Are you hoping that exercise will help you lose weight? Boost your energy? Sleep better? Manage a chronic condition? Improve your mood? Write it down! Seeing the benefits of regular exercise on paper may help you stay motivated.
After you exercise, take a few minutes to savor the good feelings that exercise creates. Reflect on what you've just accomplished. This type of internal reward can help you make a long-term commitment to regular exercise. External rewards can help, too. When you reach a longer range goal, treat yourself to a new pair of walking shoes or new tunes to enjoy while you exercise.
Is a gym membership or home exercise equipment too pricey? Consider cheaper options for getting in shape. You can base a fitness program around brisk daily walks for aerobic exercise and pushups or squats for strength training. Or consider picking up some inexpensive hand-held weights or resistance bands. Check the local recreation department to see if they offer discounted fitness classes.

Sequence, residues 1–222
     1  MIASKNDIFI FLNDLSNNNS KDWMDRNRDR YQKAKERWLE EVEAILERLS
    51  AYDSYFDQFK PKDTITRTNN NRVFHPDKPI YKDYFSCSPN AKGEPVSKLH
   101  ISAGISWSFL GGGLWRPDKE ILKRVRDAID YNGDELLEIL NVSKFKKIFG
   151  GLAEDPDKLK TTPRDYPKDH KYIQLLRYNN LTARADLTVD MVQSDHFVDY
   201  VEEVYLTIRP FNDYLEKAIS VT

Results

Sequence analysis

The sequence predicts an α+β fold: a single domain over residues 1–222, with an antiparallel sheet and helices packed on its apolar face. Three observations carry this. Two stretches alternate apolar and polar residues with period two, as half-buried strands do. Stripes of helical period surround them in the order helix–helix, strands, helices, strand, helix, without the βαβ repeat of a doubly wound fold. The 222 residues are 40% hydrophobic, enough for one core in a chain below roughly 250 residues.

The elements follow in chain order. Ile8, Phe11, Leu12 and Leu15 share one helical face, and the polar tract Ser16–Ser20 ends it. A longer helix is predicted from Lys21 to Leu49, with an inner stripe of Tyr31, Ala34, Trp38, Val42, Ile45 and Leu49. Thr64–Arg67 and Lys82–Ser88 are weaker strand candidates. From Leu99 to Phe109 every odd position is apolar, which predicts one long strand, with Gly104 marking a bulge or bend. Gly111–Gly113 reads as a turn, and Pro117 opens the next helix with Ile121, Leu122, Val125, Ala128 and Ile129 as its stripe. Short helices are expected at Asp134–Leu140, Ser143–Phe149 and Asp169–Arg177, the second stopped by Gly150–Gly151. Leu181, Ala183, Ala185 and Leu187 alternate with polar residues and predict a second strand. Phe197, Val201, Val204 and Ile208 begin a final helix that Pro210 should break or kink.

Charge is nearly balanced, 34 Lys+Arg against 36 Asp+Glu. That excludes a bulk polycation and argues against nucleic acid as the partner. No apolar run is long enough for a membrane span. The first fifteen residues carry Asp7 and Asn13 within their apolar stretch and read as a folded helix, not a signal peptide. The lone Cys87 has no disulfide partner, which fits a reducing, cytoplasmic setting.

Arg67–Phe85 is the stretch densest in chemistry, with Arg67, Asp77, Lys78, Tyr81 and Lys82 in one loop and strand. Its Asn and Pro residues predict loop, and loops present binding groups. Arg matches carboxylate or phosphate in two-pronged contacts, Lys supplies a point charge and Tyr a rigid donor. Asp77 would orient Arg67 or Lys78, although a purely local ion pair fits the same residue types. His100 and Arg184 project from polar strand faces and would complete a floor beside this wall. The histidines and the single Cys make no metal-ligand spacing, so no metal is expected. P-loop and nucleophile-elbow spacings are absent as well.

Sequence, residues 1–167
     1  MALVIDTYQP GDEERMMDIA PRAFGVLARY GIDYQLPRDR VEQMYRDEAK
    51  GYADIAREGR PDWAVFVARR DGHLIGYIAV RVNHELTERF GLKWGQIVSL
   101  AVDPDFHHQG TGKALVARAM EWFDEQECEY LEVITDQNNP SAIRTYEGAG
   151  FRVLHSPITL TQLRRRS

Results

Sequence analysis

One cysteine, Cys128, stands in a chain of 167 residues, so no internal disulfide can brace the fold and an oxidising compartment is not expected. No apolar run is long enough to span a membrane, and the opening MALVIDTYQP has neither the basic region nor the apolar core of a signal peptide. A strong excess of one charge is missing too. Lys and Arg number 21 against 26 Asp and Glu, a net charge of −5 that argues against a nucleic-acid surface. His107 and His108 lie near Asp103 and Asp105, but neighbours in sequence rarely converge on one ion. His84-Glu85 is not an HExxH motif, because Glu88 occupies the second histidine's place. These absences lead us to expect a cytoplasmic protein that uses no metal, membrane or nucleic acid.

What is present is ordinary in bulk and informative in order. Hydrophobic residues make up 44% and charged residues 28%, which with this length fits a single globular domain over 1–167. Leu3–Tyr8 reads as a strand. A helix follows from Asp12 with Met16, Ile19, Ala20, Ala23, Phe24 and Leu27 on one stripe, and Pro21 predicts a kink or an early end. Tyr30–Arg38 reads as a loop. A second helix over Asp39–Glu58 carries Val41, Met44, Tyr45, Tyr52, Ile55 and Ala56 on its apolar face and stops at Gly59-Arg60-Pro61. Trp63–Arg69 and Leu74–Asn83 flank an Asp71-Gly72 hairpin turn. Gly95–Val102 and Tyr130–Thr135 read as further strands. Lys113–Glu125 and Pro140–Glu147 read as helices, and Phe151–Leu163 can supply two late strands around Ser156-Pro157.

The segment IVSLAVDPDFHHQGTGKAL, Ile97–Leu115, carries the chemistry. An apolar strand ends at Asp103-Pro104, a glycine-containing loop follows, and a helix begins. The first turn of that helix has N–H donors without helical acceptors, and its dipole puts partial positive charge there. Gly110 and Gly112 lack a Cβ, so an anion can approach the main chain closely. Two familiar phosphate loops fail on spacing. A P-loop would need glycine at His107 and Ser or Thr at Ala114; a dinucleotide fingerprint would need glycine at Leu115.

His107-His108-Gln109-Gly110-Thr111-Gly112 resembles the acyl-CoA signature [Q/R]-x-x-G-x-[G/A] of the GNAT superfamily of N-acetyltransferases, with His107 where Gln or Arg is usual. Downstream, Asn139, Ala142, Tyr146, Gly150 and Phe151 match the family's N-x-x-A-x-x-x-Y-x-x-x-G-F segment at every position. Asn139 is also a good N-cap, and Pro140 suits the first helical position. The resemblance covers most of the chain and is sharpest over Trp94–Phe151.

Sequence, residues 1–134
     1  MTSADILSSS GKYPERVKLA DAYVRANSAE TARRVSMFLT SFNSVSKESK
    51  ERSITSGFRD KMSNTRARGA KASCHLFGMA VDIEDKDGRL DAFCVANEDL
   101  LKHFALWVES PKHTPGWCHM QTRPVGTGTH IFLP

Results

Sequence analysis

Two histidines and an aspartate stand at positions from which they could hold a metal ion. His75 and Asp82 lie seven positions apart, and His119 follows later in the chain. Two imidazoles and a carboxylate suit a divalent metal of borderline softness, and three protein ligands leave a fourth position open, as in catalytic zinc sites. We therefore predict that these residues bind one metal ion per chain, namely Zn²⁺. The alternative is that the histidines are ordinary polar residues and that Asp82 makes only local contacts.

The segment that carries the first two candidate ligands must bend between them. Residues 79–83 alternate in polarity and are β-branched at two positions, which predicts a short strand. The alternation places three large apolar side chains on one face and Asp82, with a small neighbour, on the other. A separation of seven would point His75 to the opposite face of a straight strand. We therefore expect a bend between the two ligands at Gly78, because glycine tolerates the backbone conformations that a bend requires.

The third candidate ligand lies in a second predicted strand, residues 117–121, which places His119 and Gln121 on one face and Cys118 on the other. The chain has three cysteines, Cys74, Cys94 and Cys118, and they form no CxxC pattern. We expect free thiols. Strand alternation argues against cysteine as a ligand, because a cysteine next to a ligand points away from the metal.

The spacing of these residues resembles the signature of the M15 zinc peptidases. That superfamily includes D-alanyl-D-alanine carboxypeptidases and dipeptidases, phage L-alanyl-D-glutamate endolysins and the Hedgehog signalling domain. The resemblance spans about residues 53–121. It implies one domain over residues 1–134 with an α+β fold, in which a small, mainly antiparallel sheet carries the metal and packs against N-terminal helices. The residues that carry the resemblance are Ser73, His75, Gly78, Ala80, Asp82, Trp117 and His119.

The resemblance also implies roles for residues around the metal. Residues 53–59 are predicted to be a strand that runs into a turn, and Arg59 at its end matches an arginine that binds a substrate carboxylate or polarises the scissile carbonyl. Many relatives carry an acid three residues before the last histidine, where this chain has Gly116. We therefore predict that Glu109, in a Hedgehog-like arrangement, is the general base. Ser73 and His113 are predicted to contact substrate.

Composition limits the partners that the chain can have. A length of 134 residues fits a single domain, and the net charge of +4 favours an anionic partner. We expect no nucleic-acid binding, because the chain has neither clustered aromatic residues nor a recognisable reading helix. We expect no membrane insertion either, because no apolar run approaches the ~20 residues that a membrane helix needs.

Exercise doesn't have to be drudgery. And you don't need to go it alone. Sign up for a group exercise class or join a softball, soccer or volleyball team. Work out with a friend at a health club or gym. Start a walking group with friends and neighbors.
When it comes to fitness, huffing and puffing your way through such aerobic exercises as running, biking or swimming isn't the only thing that matters. A good, balanced exercise program includes five key components: aerobic fitness, strength training, core exercises, balance training, and flexibility and stretching. If you're not getting all five, it's time to mix up your routine.
You don't need a gym membership to get in shape. You can fit physical activity into your daily life by doing things you enjoy outside of the gym. Play pickup basketball, go biking or walk around the park. Lift some hand weights while you watch your favorite TV show. Take the stairs at work or when shopping. Or take an exercise class through your community.